Chapter 14 - Section 10

Installation to the Fuselage

 

Trial Fit

It is recommended that installation of the Center Section Spar should not be done until the wings and ailerons are built and match drilled to each other. However, it is rewarding to see a trial fit...

 

The center section spar fits into the fuselage slot without any difficulty. I shimmed the spar with 2 stir sticks to the left and was able to line it up to 0o with my digital level and visually lined it up with the canard trailing edge... My center section spar weighs just a hair over 41 lbs.

 

Now onto Chapter 19....

 

After mating the spar to the wings in Chapter 19, its time to install the spar to the fuselage such that I can complete the torque tubes, etc.

 

Engine Mounts (EM-2)

My EM-2's are a bit larger in size than plan because my inserts at the firewall are 1.75" round discs instead of 1" x 1" squares (Chapter 4 Step 5). I made the EM-2's out of 2024 T4 (instead of T3 because that's what I have on hand) with the size large enough to cover the entire disc area. I rounded off the corners and shaped its edges to fit into the fuselage corners. Per plan, I applied flox all around the EM-2's, then I applied 1 layer of BID and peel plied.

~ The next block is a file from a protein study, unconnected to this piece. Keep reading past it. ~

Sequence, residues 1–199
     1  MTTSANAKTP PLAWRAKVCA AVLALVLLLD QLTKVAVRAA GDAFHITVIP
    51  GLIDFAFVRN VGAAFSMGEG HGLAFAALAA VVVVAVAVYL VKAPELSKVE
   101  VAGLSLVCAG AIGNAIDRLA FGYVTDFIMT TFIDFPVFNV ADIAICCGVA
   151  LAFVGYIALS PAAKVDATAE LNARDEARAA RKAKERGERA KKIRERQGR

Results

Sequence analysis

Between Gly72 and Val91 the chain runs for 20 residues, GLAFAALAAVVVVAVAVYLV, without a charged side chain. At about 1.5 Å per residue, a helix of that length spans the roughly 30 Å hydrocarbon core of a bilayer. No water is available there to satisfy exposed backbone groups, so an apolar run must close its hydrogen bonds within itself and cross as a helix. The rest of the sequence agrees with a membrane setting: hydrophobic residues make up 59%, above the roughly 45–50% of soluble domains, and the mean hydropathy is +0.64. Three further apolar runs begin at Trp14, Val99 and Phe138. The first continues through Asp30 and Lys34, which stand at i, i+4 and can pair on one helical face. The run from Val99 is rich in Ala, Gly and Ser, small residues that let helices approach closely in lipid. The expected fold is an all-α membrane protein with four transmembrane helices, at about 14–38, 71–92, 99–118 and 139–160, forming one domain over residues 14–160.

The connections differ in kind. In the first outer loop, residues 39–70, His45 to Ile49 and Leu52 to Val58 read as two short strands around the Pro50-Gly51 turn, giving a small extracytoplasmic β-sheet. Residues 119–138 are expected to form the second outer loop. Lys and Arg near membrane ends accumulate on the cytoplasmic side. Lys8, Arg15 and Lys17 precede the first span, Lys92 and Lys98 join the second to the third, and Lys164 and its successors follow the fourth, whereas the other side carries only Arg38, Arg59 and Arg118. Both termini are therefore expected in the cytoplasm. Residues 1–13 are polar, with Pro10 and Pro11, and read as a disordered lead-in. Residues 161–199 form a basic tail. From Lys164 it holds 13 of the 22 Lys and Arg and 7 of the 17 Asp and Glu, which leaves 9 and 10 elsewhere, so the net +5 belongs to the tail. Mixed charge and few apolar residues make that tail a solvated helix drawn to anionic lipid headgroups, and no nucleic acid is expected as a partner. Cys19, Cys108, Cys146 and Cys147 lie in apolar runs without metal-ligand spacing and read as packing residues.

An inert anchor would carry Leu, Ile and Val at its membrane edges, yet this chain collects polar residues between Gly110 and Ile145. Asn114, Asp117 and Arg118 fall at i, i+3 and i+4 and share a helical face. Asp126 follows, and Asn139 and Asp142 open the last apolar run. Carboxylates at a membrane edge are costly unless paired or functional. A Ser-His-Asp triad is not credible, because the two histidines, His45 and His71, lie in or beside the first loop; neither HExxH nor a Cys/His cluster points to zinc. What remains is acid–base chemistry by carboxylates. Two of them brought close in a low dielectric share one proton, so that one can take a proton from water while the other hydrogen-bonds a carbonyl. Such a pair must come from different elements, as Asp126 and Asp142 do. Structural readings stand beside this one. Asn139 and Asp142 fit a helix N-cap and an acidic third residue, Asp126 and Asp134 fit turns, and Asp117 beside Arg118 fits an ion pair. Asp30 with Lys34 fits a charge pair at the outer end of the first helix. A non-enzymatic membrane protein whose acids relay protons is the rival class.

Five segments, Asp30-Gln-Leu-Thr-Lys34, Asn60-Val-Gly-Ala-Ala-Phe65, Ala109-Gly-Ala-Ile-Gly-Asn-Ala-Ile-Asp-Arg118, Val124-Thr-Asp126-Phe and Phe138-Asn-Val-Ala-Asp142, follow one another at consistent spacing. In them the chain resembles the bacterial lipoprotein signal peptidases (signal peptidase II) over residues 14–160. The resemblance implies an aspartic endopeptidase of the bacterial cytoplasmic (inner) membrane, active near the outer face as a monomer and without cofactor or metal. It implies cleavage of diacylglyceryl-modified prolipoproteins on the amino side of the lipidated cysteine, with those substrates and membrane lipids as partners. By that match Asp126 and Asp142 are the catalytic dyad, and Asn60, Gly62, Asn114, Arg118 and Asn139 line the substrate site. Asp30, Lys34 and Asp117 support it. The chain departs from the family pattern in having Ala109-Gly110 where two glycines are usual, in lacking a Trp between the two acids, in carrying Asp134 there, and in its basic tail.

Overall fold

Centering the Spar

I slid the center section spar into the fuselage opening per plan. Besides leveling the fuselage and spar side to side and front to rear, I must check the skew of the spar by measuring from each end of the center section spar to the tip of the nose. However, I do not have a good center spot at the nose to measure, so I made a simple fixture (as shown) and clamped it onto the center of F28. It consists of a piece of scrap wood, a small screw, and a picture hanging cable. This way, I can swing left and right while squaring out the spar to the fuselage.   

 

 

 

 

 

Here's a picture showing my alignment approach. I mounted two (2) level boards on the spar (earlier), just in case 1 breaks off. Since they were in tact, I used the second one as a backup. I also used a plumb line to make sure the spar is lined up to the center of the fuselage. The bubble level (that I hot glued to the aft face of the spar) gave me a rough check on the leveling of the spar as well.